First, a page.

There’s a road near where I live called Cypress Road. I call it Cypress Hill, after the band. It’s 0.17 miles bottom to top & 95ft elevation gain (I measured). I called my Strava segment ‘Insane in the Brain’ after the Cypress Hill song, because to run up & down it  you must be ‘insane in the brain’.

Puts hand in air.

I’ve run up & down Cypress Hill 67 times so far this year. Most of them whilst carrying 2kg bags of dried rice in my rucksack. And it showed. I felt SO much stronger on the hills than I did 12 months ago. I was able to run/jog more of them & those that I couldn’t run my ‘hike’ was faster, stronger & easier.

Maybe not so insane in the brain after all.

Along the ridge at the top of the hill, completely exposed & with no shelter, it was windy. This was the section I was least familiar with. Head down, plod on, try not to get blown off the hill. Down to CP2. All the check points are at bottoms of hills. I was still feeling strong, happy & content. I filled my bottles, grabbed a couple of PB & jam sandwiches & marched on up the next hill. It goes without saying that if all the check points are at bottoms of hills they all have big climbs just after!

In the climb up to Ditching Beacon the first few doubts start flirting with my positive vibes. The hills are tough & relentless & I think back with longing to the ease of the first few miles. Because the only stat I am monitoring is my heart rate, I, by choice at this point, do not know where I am time wise. My mile splits have been popping up, the last few miles have been slower than target pace. My mind starts playing games, I think I’m dropping behind target. I could just look but I am determined to trust my heart rate strategy & not to be a slave to the Garmin. I know how my head works. I know the minute I switch my watch screen I will become obsessed with pace & all aspirations of running to effort will be discarded.

And then my 25 mile split pops up. This time, as well as glancing at the mile time I do steal a quick glance at the elapsed time. 4:08. Four oh bloody eight! That’s a whopping 22 minutes ahead of target. And we’re going downhill… Weeeeeeeee…. I cannot tell you what that did to my mind, to my mood & to my smile. I flew down the hill into CP3 at Housedean Farm, was tempted momentary by the beer on offer by the Bad Boy Running Crew but opted for the far more sensible tailwind instead. The headphones go in, let the party on what was my favourite section start!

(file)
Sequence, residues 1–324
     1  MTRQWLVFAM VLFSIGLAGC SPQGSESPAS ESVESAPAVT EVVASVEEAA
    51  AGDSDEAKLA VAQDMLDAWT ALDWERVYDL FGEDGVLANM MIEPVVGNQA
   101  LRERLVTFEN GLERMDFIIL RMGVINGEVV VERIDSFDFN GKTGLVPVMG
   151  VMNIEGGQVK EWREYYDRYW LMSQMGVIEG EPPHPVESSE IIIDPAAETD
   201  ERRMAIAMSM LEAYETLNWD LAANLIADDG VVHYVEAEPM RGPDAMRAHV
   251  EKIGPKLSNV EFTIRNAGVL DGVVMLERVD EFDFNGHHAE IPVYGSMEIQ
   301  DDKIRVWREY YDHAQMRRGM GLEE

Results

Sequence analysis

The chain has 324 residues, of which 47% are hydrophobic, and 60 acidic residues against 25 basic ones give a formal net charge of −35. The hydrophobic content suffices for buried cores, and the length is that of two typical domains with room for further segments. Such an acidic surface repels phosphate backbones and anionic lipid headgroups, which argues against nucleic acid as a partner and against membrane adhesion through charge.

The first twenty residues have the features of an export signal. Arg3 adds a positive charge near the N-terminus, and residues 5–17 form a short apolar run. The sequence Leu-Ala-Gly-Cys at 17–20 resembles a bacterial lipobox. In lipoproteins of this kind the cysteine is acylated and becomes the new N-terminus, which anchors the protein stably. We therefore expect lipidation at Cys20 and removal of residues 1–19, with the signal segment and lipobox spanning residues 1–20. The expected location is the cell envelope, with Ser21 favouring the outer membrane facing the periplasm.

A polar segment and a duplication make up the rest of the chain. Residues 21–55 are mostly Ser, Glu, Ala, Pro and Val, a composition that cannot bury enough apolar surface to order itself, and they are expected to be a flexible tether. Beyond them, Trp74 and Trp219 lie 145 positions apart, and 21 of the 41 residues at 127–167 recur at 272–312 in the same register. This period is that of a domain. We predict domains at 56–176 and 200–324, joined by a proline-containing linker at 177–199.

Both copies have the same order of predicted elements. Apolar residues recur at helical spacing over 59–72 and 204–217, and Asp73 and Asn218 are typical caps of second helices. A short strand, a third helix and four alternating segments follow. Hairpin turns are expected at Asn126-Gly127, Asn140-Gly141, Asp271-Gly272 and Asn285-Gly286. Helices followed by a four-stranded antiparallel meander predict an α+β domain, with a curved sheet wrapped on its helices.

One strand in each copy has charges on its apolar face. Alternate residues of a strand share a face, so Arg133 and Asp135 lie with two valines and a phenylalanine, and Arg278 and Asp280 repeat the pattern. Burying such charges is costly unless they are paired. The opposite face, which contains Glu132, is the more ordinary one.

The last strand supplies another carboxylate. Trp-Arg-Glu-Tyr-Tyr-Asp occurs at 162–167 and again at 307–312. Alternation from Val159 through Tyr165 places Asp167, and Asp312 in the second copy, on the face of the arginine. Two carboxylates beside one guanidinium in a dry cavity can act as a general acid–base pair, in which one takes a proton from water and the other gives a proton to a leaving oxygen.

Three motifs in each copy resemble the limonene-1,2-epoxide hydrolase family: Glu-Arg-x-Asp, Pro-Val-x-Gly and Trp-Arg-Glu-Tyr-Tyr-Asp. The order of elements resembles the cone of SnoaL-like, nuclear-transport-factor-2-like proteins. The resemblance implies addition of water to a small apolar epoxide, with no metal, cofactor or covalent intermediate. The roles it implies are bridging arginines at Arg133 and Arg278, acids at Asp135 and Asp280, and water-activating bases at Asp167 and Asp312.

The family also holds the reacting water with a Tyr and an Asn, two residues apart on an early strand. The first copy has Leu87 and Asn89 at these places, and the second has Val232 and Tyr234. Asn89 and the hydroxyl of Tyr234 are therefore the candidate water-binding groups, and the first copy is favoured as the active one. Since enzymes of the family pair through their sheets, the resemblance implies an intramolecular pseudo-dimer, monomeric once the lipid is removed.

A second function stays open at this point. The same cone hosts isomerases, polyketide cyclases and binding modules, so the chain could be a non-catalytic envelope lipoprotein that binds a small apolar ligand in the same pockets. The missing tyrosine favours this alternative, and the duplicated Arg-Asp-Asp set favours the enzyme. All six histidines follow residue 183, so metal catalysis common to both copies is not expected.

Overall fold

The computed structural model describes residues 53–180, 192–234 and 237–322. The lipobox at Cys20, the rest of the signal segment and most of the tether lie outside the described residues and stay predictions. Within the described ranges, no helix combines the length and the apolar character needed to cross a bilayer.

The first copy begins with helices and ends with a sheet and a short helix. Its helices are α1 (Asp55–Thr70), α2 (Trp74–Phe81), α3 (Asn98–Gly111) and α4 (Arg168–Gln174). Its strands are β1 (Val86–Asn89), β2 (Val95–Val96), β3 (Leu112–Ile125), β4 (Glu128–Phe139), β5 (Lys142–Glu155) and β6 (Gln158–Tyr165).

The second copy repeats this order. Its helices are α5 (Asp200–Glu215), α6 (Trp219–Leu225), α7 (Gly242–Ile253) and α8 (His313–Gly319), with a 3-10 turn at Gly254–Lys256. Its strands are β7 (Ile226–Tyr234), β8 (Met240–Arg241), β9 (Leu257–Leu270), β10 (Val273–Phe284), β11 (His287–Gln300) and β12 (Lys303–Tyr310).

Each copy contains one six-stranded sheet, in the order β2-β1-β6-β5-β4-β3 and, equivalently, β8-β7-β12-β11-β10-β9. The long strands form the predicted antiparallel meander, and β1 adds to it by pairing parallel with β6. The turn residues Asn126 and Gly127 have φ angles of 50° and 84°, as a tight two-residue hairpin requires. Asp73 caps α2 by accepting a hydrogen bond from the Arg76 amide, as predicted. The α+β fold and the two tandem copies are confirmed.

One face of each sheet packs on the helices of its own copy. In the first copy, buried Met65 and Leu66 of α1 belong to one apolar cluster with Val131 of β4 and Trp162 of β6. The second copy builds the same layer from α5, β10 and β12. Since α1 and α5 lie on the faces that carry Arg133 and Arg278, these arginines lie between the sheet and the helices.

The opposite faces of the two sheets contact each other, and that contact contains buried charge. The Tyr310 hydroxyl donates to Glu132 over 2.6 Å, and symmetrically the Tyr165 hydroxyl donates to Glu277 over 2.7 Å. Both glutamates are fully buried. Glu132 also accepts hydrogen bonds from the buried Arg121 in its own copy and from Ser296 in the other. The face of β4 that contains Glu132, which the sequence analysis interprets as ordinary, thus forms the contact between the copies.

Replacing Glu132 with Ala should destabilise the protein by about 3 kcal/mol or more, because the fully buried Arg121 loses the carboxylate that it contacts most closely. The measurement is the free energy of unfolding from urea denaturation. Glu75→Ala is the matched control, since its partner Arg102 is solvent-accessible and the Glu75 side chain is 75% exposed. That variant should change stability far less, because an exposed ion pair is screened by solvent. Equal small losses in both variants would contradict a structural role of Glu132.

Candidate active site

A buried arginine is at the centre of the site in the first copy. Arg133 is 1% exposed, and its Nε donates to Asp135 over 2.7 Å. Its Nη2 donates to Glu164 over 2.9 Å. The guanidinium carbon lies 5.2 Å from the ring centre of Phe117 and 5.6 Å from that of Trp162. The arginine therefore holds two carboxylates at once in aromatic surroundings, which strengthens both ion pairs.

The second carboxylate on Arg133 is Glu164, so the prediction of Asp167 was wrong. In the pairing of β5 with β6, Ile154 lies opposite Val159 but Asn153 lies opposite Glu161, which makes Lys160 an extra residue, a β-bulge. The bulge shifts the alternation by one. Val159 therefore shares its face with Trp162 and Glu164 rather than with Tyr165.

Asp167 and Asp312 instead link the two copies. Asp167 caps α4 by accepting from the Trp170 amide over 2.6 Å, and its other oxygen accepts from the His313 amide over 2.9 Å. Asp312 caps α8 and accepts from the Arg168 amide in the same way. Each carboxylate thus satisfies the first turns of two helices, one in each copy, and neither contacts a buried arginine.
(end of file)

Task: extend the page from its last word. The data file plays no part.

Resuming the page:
© Stuart March

So after telling the volunteers how great I feel, I come out of CP4 at Southease & start the next big climb. This is the part I could run with my eyes closed. In fact I almost had to one day last autumn when the mist was so thick I could only see about 50 feet in front of me. I know the mile out of Southease has 450+ ft of elevation gain. I’ve measured. I know I won’t be running any of it so happily eat my snacks & sing along to a favourite song as I climb.

I get near to the top, I say near, this is one of those hills that goes on for ever & EVER & I’m beginning to feel a little weird. I run along the ridge but my stomach, never usually an issue, is unsettled & churning. Having heard many-a story of stomach issues curtailing an ultra I start worrying. I have to slow to a walk for a while. Sod’s law this is one of the most open & exposed parts of the trail & there are no bushes to hide in should I need to, (disclaimer, thankfully I don’t).

I remember this section from Southease 12 months ago. Between CP4 & 5 I pulled out of all upcoming races, declared I’d never race again AND gave up running all together in the space of seven miles. I remember the pain I felt then & reflect that although I am uncomfortable, my stomach is churning, my legs ache & my knees are becoming increasing sore I am in a much better state than I was a year ago. Both physically & mentally.